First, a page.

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    You’ve been diagnosed with depression. What do you do now?

    Tackle your mental health head on with a little help from Jacqueline our GQ Therapist. This week: how to deal with depression…

    Dear GQ Therapist,
    I have been to the doctor and been diagnosed with depression and they have talked about me taking medication. Is that the best course of action or should I consider other options? I don’t want to rush into taking drugs, but I need to do something to feel better.
    Steve, by email

    First and foremost – and I know we say this a lot – you are not alone: depression can affect anyone at any time. The Mental Health Organisation statistics show that in 2014, 19.7 per cent of people in the UK aged 16 and over showed symptoms of anxiety or depression, which was a 1.5 per cent increase from 2013. From what I have seen in my office, the numbers are increasing.

    Most people go through periods of feeling down, but when you’re depressed you feel persistently sad for weeks or months, rather than just a few days. Depression can make you feel helpless. And yet I want you to know you’re not, because there’s a lot you can do on your own to fight back. Medication is an option, of course, but it’s only one of many that you can choose from. Choosing a more holistic route works for many people and often has even better results than medication. Changing your behavior, for example, your physical activity, lifestyle, food choices and, most importantly, your way of thinking are all natural depression treatments.

    1. Prioritise mind management
    It’s of the utmost importance to learn how to manage one’s mind. In my personal coaching sessions with clients and in school with students, I teach people how to focus and manage their minds because once they understand this aspect, their lives change. It’s amazing to see people become happier and start living authentically, all thanks to a focused and managed mind. Simply put, minds that are managed get better results, guaranteed.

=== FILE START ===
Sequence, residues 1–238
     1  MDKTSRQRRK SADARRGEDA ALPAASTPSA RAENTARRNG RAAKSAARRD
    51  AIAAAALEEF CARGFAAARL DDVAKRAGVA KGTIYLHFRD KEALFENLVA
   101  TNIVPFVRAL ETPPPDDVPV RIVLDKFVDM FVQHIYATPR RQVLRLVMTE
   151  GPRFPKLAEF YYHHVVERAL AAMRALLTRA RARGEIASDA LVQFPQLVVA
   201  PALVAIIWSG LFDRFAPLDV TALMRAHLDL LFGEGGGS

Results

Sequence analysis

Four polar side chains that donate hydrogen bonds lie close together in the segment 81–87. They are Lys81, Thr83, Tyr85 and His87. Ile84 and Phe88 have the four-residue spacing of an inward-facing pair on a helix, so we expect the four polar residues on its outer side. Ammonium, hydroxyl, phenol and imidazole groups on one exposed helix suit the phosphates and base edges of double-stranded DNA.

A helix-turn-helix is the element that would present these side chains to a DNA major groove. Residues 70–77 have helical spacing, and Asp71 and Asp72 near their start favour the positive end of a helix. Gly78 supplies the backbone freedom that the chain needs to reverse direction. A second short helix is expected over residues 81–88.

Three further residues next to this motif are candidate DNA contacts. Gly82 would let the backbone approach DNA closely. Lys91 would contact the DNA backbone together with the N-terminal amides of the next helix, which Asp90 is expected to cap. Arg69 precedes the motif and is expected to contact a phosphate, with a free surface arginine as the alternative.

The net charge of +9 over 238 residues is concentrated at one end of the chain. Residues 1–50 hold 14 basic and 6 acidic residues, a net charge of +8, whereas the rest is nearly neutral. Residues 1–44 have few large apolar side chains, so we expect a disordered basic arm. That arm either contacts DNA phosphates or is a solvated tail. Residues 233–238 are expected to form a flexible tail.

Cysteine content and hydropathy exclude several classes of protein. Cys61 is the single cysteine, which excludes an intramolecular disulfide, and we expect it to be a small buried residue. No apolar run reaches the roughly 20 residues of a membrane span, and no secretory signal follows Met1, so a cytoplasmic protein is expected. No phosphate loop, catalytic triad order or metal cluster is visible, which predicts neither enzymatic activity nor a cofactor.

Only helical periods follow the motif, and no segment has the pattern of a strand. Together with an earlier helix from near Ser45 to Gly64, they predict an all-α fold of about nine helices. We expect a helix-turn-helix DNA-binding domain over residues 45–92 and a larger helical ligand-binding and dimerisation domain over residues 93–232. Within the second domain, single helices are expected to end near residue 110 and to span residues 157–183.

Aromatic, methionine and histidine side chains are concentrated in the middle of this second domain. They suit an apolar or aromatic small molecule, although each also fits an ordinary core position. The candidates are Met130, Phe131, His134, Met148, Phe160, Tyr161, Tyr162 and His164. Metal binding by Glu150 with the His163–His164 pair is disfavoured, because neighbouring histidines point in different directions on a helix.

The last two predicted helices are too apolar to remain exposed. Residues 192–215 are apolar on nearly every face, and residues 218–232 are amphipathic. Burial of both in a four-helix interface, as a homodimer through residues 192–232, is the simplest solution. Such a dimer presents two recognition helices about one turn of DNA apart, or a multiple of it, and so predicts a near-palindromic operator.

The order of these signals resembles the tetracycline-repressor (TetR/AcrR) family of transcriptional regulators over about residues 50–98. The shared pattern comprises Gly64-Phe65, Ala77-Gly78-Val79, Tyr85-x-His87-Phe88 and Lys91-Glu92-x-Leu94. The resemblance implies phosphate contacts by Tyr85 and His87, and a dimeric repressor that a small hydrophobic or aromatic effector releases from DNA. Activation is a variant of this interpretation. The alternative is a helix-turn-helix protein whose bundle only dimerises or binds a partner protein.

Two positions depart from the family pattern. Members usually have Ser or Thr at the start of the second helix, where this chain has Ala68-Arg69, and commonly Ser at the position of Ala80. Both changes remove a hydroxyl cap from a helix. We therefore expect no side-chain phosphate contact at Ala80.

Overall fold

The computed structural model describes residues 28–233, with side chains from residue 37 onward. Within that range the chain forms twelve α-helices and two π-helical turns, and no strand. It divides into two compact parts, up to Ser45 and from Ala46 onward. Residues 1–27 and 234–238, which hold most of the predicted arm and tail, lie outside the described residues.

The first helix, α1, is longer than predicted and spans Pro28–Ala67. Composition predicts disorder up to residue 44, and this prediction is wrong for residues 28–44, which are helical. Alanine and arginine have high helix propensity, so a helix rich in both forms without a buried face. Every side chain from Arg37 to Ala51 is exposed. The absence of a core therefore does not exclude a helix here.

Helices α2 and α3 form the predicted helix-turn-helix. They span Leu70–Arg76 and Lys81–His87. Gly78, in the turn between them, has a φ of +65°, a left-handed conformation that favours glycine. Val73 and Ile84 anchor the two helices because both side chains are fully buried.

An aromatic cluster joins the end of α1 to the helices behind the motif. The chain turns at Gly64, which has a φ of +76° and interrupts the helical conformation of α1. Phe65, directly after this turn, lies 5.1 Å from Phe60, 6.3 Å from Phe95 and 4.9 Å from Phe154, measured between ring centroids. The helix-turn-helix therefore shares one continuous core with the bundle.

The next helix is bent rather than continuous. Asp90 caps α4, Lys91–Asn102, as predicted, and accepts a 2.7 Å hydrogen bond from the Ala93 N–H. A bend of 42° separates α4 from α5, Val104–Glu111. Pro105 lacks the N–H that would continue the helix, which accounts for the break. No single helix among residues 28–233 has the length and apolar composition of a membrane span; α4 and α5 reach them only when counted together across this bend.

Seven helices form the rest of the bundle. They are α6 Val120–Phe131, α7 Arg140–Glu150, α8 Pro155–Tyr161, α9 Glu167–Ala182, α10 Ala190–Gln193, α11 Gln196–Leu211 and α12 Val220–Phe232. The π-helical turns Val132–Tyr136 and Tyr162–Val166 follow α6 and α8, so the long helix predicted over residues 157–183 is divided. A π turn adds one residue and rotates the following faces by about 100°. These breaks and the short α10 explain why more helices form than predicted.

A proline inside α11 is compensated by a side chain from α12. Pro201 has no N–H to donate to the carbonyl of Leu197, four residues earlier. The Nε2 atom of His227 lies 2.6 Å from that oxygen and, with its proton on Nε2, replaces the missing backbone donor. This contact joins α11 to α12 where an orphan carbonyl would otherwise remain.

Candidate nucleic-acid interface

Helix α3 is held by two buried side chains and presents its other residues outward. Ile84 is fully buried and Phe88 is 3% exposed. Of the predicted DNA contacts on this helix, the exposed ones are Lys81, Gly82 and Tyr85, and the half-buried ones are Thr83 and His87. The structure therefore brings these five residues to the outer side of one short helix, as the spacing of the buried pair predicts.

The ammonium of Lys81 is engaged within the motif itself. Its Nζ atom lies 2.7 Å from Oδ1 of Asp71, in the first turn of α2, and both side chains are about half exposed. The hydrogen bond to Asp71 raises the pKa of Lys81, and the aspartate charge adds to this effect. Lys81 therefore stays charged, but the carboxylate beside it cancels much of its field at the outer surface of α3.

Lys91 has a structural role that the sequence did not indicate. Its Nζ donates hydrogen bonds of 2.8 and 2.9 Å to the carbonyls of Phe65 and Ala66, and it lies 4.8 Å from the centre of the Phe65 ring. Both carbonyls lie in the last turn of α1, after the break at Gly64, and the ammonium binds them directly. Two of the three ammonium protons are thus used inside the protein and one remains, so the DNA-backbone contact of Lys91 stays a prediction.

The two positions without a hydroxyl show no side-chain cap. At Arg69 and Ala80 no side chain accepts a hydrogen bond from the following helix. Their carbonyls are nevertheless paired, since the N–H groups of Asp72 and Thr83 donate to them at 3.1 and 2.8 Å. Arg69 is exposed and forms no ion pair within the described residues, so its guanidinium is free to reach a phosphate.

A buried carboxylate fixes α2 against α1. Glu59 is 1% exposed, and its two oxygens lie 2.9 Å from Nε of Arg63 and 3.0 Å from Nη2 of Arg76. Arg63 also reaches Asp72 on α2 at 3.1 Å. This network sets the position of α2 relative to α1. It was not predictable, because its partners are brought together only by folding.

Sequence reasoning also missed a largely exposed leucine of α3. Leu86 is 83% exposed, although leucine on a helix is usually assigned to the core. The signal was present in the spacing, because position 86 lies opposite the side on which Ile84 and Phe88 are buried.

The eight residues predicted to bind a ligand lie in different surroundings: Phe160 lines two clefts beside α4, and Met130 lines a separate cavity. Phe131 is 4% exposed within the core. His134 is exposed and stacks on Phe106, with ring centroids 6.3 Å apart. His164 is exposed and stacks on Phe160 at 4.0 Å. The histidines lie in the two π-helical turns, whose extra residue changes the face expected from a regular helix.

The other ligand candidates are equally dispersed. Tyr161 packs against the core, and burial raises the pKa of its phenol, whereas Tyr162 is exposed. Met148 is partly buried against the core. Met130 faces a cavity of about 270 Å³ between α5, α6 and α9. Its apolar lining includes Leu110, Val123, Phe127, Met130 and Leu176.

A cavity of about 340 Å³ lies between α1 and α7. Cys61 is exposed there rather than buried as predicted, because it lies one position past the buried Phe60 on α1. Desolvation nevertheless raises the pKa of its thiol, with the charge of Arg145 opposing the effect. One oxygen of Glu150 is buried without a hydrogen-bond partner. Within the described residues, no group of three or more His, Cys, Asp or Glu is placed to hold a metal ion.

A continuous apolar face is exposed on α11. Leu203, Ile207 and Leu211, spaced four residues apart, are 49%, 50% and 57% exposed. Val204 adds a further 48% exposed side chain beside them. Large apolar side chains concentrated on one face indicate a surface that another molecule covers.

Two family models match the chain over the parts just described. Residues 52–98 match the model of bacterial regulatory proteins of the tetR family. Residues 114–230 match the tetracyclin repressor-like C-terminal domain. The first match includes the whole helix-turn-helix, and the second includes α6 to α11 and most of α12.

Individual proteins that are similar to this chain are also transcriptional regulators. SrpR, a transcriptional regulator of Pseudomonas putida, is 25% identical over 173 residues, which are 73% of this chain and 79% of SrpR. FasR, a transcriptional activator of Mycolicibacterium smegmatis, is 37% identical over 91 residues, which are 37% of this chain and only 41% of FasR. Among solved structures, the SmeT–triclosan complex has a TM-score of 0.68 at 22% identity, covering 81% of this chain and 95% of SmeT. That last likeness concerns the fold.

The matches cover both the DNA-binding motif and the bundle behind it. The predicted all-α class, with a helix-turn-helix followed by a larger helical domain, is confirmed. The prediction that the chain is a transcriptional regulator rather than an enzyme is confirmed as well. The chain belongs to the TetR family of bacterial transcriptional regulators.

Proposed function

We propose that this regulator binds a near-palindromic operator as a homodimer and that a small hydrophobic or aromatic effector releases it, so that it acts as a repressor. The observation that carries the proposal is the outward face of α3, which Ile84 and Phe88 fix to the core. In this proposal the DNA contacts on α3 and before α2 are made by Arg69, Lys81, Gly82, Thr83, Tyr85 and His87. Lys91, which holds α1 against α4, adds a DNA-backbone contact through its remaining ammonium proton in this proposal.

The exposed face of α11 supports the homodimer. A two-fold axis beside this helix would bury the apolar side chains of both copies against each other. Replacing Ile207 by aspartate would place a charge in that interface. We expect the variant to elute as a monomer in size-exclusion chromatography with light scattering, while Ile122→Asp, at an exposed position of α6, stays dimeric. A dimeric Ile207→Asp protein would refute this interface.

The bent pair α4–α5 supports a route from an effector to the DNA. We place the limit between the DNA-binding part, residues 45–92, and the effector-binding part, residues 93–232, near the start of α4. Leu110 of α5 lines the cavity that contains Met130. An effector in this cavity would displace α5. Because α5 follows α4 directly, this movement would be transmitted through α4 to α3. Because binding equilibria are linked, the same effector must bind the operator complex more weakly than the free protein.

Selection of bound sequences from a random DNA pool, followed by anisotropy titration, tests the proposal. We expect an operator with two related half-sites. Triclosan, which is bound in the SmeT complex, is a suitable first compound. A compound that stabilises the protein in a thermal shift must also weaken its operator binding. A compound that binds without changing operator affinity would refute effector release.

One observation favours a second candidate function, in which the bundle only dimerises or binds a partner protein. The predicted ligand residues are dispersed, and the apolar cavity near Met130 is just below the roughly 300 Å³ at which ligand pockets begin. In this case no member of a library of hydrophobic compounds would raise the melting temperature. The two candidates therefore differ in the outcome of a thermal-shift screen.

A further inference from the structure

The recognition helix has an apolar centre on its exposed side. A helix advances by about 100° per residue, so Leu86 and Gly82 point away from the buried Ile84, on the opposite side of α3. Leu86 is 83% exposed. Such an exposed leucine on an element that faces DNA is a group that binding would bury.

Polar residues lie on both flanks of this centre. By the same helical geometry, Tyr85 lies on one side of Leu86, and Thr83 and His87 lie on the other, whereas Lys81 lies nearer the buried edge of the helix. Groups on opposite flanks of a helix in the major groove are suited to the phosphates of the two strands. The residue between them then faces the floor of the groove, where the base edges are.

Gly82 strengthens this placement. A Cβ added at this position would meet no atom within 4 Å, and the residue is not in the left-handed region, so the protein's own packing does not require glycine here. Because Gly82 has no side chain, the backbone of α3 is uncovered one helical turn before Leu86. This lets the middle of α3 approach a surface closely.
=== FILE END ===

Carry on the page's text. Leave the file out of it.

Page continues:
2. Learn to switch off
    It’s important to switch off because you are giving your mind a break, and all minds need a break. To learn how to do this takes practice. For some, it’s about writing things down; for others, it’s about creating a space and a time in your day or night to simply stop. My top tip is to schedule time in your diary to switch off – literally call it switch-off time. Take a hot bath, read a book, bake some nourishing food, turn off the iPhone/iPad/TV and go back to basics.

    3. Beat workplace woes

    Stress is a feeling generated by a thought, so I recommend people start to look at their own thoughts rather than blaming anyone else at work. Ultimately, no one can make you feel anything; you create your feelings from your thoughts, and choosing thoughts that create stress is painful for you and you only. Start to consider what you are thinking about or write thoughts down. Are the thoughts you’re creating helpful or hurtful? If it’s the latter, start to find a new perspective – choosing better-feeling thoughts is always the answer.